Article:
I am a huge fan of the The View. Sometimes, I don’t watch, usually when there isn’t much going on in the way of interesting conversation. Over the years, I have really appreciated the format of four, sometimes five, women talking around a table about the hot topics of the day. The program both reminds me of the past when relatives in my family sat around the table doing the same thing, and at the same time is a reminder how things have changed since their day.
It’s like an hour of the day when the issues of the moment are contemplated from a perspective that feels familiar, almost ancestral. Of women voicing opinion, and having it count.
So, it was that I found it curious today when The View discussed what “some people” had to say about Julia Roberts (pssst…she is 41 years old now), “these people” questioning whether Julia had lost her big money appeal for coming in third in box office sales, with a few million less for the studios than number one and two. O.k.
As I thought about the back and forth between Barbara Walters and Elizabeth and comments about age, The View reminded me of a conversation two friends of mine had last weekend when we went to dinner. We were talking about an actress we knew who is in her fifties. She was talented without doubt, and had paid her dues for sure. Yet, as they talked about what the future had in store for this woman given her age, I felt ‘unfair’ stuck in my throat.
As a woman, and a mother, I remember distinctly when my life went from my career to my family as priority. As I look back over the littered opportunities on the floor, I remember the times I could not take an opportunity because I had to be home, and those moments I wanted to be at home for that second when it was my chance to be present in my child’s life which would be lost forever if I didn’t take the opportunity then.
When my child was very young, I read in a book that women take off in their careers later in life, much like where men are at in their thirties, women in their fifties, children grown, are able to then go on to grasp the opportunities put lovingly but firmly aside for the day when children were raised.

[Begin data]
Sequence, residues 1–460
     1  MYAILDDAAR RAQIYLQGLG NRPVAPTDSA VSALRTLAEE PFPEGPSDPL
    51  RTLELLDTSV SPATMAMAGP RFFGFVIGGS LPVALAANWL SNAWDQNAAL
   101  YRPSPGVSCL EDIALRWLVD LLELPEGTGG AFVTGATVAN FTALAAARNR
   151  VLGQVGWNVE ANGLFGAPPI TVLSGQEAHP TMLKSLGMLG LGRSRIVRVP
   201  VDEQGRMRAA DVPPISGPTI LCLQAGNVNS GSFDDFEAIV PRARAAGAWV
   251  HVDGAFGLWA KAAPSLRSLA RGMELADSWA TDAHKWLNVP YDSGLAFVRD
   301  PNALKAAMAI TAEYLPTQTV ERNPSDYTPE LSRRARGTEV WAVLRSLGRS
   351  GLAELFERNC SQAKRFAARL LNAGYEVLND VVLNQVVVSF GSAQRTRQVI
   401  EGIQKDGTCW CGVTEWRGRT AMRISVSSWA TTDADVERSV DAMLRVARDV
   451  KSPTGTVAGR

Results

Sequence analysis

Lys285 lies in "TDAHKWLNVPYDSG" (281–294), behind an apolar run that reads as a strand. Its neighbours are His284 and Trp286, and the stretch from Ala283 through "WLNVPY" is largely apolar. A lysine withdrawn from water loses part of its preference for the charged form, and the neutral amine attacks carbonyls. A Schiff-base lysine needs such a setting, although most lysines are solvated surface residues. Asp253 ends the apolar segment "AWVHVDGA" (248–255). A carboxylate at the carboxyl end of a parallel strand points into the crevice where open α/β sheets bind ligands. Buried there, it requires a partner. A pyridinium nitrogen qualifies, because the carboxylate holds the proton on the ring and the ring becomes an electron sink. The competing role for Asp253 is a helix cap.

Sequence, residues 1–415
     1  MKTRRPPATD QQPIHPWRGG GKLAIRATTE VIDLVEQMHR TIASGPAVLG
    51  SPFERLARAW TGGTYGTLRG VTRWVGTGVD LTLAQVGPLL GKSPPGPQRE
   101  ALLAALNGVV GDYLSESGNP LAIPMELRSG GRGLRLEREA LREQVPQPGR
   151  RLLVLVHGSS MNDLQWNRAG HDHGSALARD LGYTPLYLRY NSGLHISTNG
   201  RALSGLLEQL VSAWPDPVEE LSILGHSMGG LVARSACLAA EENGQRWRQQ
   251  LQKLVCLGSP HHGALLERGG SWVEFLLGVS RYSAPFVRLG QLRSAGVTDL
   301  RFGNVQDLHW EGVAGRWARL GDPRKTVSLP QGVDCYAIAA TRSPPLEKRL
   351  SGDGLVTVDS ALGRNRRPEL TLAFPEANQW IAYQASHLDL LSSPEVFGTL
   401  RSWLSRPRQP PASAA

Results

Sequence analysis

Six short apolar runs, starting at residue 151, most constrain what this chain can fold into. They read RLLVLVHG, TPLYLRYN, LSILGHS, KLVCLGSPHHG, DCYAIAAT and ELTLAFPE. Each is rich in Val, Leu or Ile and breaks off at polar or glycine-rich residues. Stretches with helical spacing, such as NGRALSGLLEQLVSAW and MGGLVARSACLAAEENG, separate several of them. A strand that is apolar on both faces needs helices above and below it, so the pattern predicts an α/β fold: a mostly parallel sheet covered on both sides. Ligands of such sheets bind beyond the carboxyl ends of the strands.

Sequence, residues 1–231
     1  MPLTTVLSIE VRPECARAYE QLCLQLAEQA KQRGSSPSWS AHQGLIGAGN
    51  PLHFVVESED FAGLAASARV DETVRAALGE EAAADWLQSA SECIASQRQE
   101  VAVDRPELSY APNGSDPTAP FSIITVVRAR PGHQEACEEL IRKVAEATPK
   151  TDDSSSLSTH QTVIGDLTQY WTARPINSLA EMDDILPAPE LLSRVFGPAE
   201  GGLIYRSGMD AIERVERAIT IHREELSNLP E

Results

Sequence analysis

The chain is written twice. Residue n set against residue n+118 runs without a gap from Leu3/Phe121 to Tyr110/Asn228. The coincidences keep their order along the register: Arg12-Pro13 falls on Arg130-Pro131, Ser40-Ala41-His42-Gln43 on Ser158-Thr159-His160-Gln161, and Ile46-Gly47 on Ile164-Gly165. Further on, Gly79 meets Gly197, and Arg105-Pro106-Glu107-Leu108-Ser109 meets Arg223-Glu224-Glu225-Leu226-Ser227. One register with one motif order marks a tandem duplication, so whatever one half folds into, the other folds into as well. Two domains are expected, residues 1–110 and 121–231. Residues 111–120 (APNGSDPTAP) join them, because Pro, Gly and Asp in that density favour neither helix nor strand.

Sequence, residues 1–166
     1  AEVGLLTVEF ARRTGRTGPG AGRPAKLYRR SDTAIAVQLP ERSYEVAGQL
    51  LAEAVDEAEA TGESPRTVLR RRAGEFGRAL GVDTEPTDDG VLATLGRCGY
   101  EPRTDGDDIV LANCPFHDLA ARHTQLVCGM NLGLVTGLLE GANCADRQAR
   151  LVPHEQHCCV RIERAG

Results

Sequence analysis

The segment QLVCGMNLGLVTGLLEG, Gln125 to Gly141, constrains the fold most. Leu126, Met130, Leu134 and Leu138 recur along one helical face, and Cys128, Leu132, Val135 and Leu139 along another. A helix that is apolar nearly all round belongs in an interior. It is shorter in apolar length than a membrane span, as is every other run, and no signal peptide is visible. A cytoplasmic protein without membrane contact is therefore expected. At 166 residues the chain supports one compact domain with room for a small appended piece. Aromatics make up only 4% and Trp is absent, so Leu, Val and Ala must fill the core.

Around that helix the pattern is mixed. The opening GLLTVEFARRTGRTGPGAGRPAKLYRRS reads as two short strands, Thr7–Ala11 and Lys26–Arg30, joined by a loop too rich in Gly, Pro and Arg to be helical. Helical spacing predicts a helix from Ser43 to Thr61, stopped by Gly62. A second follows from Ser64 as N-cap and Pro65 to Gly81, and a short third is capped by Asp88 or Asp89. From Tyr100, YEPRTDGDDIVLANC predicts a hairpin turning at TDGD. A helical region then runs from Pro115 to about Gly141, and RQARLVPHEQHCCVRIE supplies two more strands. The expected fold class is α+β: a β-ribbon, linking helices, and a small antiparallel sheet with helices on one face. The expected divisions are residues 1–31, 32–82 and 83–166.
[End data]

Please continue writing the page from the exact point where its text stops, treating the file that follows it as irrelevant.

This idea comforted me along the road of hard choices between being there for my child or a career opportunity that went beyond what I could humanly give as a single parent. This reality left nothing for me but training myself to see my career in the longer trajectory, with the notion of slow building rather than over construction.
Well, come to find out….I was wrong. Perhaps. I don’t know. I’ll let you know when I get there.
But, from the discussion today on The View I ask myself why this show that shapes so much discourse, this show with more than half its members shining, inspiring examples of women who achieved so much in their careers while raising children, who are, it seems to me, on top of their game, aren’t defending more, questioning more the entire process that churns this kind of hopelessness out. After all, for gods sake, if Julia Roberts is washed up at 41, what can we imagine for this large segment of the population reaching their forties, their fifties, sixties and seventies? How will we look at that reality when we consider housing, health care, and education going into the future with an economy that is challenged?
One other fact came up on The View today – with the economic downturn fewer women are having plastic surgery and Botox treatments. What will happen now if we can’t pretend away our age?
Maybe we have to begin talking more about age, and what an impossible conundrum women face as they age, how we as women treat each other around age, and what we’d like it to be in the future. ~To solve a conundrum as old as time, we may need to create new models, because, otherwise, I imagine the graveyards of dreams of many women lost never to come to back to life.
The View Today: Can we reconsider the way we talk about women and age?